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The World Bank released a report earlier this year warning that China is at risk of falling into the “middle income trap” of much slower or stagnant growth unless it implements a sweeping economic reform agenda. The export- and investment-led industrializing model that has served China so well over the past decade will not perform as well over the next twenty years.  The viability of this model will be undermined by slowing export growth, a shrinking urban workforce, rising costs for energy, water, and other inputs, and overcapacity caused by years of overinvestment.   The 468-page report, “China 2030”, identifies a variety of reform areas that Beijing must focus on to promote  China’s long-term economic development and improve the odds that it will eventually attain high-income status.  These include reducing the role of government in the economy, reforming and restructuring state enterprises and banks, developing the private sector, promoting competition in the land, labor and financial markets, and accelerating the pace of innovation.

There are signs that Chinese leaders foresee these challenges and recognize the need for structural reform.  For several years Beijing has focused its economic planning on “rebalancing” the economy away from exports and investment toward household consumption.  Beijing has also strongly emphasized science and technology (S&T) as a new economic growth driver, devoting a larger share of its GDP to research and development than do other countries with similar income levels.   This might give China a  better chance of sustaining productivity growth even as the drivers underlying China’s rapid growth over the past two decades, such as cheap labor and technology catch-up, are eventually exhausted.

However,   some commentators both inside and outside of China argue that many of the proposed economic reforms have little chance of succeeding without deeper political and institutional reform.  Beijing’s policy process currently favors the entrenched economic elite, which benefits proportionately more from the current model of imbalanced growth.  Vested interests, particularly local governments and state-owned enterprises, oppose key elements of Chinese leaders’ economic reform agenda.  Furthermore, an expected decline in the growth of central-level revenues will likely undercut Beijing’s ability to compensate domestic constituencies on the losing end of any reforms.  To dilute the influence of these interests and create more momentum behind needed reforms, Beijing would need to broaden political participation in favor of lower-income citizens and make the policy process more open and transparent.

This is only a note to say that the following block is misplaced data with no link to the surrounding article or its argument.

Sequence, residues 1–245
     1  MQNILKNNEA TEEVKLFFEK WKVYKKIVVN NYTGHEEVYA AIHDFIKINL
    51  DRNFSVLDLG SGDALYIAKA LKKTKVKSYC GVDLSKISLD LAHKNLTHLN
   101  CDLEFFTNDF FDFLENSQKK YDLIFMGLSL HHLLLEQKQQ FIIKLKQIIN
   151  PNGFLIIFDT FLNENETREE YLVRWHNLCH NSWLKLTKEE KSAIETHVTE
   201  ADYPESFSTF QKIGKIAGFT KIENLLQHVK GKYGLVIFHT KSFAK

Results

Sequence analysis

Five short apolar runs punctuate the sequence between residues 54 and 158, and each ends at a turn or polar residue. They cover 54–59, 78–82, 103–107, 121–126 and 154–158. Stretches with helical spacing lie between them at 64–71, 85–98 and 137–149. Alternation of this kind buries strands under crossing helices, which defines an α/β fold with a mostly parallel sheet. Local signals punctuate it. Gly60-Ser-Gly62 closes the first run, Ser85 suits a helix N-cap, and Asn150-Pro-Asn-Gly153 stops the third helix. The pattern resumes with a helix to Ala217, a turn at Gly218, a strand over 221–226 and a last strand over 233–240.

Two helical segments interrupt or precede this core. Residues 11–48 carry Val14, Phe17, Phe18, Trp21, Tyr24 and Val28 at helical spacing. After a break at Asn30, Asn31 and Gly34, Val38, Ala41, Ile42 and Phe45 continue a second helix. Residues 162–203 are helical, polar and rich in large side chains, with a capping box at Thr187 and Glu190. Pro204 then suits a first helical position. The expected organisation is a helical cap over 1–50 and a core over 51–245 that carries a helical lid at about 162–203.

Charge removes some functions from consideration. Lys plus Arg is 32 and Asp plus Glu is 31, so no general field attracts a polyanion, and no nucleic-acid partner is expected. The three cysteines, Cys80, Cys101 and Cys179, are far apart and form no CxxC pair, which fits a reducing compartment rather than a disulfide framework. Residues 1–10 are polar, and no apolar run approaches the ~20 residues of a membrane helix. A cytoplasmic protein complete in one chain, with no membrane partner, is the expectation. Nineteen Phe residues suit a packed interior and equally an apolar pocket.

This suggests that China’s incoming leaders will increasingly be challenged to balance their desire to preserve the party’s monopoly on power against their interest in safeguarding China’s long-term economic development.  Depending on how Beijing manages these competing objectives, China might see a future in which it can no longer compete in low-wage industries but lacks the ability to move to higher value-added sectors, and the World Bank’s warning would become a reality.

Zachary Riskind is an analyst with the National Intelligence Council’s Strategic Futures Group.

Regionalism and Chinese Economic Growth

One topic that hasn’t received as much attention as it might is differential economic growth within China.  I’ve been perusing the First Quarter 2012 edition of the China Beige Book (http://www.chinabeigebook.com/), which offers a high-fidelity, comprehensive survey of current national, regional, and sectoral economic conditions in China.  It is based on original primary source sourced within and throughout the country.  What it reveals is some considerable differences in the economic climate between (and within) China’s various regions.  Shanghai, Jiangsu, and Zhejiang, for example, have experienced strong revenue growth this quarter as autos and IT have been doing well, but Shanghai also has the most firms with falling output.  In the northeast, by contrast, manufacturing is plodding, hurt by sluggish textile and capital goods demand, but many domestic and foreign companies are still investing. In China’s central region, growth is disappointing and manufacturing results are lackluster, but the region is attracting an impressive set of local and foreign firms seeking untapped markets and cheap local labor. Farmers are hopeful but worried about drought.

Such regional differences have heretofore taken a back seat to high levels of economic growth.  One wonders if they will feature more prominently in decision making as Chinese economic growth slows.

Our assumptions about the future security environment depend heavily on assumptions about the growth of the Chinese economy.  Not too long ago, the orthodox view was that China’s high rate of growth would continue into the future.  This view was particularly pronounced in the wake of the 2008-09 global recession.  More recently, there has been a growing body of evidence and opinion to the effect that the Chinese economy is slowing down.  This, in turn, could be the prelude to China assuming a more “normal” rate of growth, or even to a downturn in the Chinese economy.

It seems to me that each one of these scenarios has security implications, both positive and negative.  So which scenario is most likely?  And what are its implications?